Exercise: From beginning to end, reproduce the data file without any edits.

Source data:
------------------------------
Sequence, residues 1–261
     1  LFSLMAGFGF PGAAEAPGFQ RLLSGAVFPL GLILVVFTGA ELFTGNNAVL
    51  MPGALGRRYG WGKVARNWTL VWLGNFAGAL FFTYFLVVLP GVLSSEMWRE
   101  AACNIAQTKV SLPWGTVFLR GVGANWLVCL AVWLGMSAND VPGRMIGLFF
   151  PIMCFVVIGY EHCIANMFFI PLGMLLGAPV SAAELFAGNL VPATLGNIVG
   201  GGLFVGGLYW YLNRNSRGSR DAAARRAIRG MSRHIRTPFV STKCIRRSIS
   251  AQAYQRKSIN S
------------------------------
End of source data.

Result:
Sequence, residues 1–261
     1  LFSLMAGFGF PGAAEAPGFQ RLLSGAVFPL GLILVVFTGA ELFTGNNAVL
    51  MPGALGRRYG WGKVARNWTL VWLGNFAGAL FFTYFLVVLP GVLSSEMWRE
   101  AACNIAQTKV SLPWGTVFLR GVGANWLVCL AVWLGMSAND VPGRMIGLFF
   151  PIMCFVVIGY EHCIANMFFI PLGMLLGAPV SAAELFAGNL VPATLGNIVG
   201  GGLFVGGLYW YLNRNSRGSR DAAARRAIRG MSRHIRTPFV STKCIRRSIS
   251  AQAYQRKSIN S